GEC Telephones on the
An article from GEC Current Comments - Volume 6 - Number 2 - 1936
Telephone Equipment of the S.S. Queen Mary
Of outstanding maritime events in recent years none has so captured the public imagination as the completion of the Atlantic liner Queen Mary. The interest displayed in this most recent addition to a long line of famous vessels owned by the Cunard and White Star Companies has continued undiminished since she first began to take shape on the stocks in the Clydeside yard of Messrs. John Brown and Company and, without doubt, finds one of its main focus points in the arrangements made on board to minister to the needs of passengers. The extent and varied nature of the equipment for this purpose is in accordance with the original intention of the Cunard-White Star Company that comfort and service should form the keynote of their policy. The service staff plays a vital part in such a policy and therefore the means provided for enabling passengers to establish contact with its members assume considerable importance. To form this link between passengers and service staff is the principal purpose of the telephone system, the design of which was decided upon after consideration of the facilities the telephone could offer and after co-operation between the Cunard-White Star Company, Messrs. John Brown and Company and The General Electric Company, to whom supply of the equipment was entrusted.
Manual operation was selected for the system, having in mind that passengers aboard ship, possibly not fully aware of all facilities available, and requiring articles or services of a score of different types, may get into immediate communication with one who, in the person of an operator, knows the appropriate member of the ship’s personnel with whom contact should be established. The operators become a readily accessible source of information of which passengers may stand in need and as such lend added value to the system.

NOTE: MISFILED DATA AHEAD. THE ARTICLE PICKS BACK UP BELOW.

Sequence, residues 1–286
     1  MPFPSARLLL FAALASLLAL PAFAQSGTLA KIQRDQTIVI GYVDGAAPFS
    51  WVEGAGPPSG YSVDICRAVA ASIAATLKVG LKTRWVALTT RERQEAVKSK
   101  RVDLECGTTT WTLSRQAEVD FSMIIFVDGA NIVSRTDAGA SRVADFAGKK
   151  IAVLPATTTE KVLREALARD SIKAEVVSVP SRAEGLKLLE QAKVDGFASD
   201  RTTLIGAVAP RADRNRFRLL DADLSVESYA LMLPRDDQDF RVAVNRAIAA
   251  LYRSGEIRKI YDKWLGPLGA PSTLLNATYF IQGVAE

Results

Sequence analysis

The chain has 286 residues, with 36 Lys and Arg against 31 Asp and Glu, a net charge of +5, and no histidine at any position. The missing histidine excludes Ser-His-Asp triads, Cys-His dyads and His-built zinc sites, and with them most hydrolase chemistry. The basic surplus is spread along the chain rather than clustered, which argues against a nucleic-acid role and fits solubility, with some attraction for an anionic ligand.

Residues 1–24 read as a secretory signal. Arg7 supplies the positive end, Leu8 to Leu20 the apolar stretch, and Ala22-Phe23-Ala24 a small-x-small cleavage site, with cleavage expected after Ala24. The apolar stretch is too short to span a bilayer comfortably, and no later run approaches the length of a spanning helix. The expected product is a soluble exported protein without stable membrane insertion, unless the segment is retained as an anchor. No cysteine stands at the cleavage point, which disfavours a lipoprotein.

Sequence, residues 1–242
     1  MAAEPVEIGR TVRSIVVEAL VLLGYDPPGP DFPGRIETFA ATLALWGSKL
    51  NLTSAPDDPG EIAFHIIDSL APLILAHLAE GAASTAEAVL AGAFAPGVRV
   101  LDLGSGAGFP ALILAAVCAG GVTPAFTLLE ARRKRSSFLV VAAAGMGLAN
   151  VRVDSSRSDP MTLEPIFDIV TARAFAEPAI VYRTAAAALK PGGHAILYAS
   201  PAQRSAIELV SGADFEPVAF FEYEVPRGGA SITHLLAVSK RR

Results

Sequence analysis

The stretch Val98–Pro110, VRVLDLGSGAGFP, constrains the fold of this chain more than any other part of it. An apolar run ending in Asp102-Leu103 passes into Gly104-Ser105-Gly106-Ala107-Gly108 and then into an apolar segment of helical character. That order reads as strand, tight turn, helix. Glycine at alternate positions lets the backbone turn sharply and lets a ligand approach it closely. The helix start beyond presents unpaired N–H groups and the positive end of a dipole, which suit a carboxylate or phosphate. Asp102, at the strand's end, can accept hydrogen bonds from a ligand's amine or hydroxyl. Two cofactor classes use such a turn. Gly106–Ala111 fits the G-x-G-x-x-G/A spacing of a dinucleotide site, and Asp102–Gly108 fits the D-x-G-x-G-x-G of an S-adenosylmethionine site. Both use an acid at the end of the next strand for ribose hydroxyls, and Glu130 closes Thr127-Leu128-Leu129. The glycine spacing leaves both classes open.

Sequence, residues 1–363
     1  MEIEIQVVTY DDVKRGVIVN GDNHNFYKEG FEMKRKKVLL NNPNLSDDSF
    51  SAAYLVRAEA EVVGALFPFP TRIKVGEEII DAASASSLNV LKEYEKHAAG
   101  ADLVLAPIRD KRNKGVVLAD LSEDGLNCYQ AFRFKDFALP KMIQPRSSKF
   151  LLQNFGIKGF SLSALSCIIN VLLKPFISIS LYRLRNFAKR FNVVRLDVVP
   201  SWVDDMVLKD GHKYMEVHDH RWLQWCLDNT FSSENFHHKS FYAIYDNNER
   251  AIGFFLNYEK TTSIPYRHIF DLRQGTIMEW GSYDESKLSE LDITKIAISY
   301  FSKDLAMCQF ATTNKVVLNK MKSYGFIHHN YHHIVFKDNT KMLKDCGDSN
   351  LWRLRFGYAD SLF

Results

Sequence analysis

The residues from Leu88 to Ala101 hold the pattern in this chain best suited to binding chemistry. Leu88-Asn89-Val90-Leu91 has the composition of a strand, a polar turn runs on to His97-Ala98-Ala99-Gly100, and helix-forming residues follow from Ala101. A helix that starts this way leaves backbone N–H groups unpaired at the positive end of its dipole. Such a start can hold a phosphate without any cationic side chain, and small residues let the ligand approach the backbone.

On the various decks, a total of 430 cabins are equipped with the modern self-contained type of telephone formed of ivory-coloured mouldings (Fig. 1). To a silk-covered cord is attached a small plug which, by means of alternative sockets provided in the cabins, enables the position of the telephone to be varied to suit the passenger’s convenience, A plate, in a gold-plated frame, on the front of each instrument, carries the instruction which denotes the chief facility for which the system will be employed - ”Telephone your requirements for room service”.
In addition to those in cabins, telephones are provided for the use of passengers in such public places as Main Hall, Tourist Entrance, Squash Racket Court, etc. The service staff use telephones in corridors and pantries, whilst for inter-communication between other members of the ship’s personnel, a total of 135 telephones are installed in such locations as Wheel House, Chief Steward’s Office, Purser’s Office, Engineer’s Workshop, Infectious Hospital, etc., etc.
Cabin telephones are fitted with buzzers giving a subdued but effective calling signal, whilst in the case of corridor telephones, lamps replace an audible signal, these measures being adopted to avoid the possibility of disturbance to passengers in adjacent cabins.
An initial total of 585 lines is terminated on a three-position C.B. lamp-signalling switchboard which has provision for an ultimate total of 640 lines. The terminations of ten shore lines appear on the board, arrangements being made to enable an operator to call the shore exchange whether this be of the automatic, C.B. manual or magneto type. Apparatus associated with three order wires and three special lines to the radio room, with provision for double these numbers, completes the principal line equipment.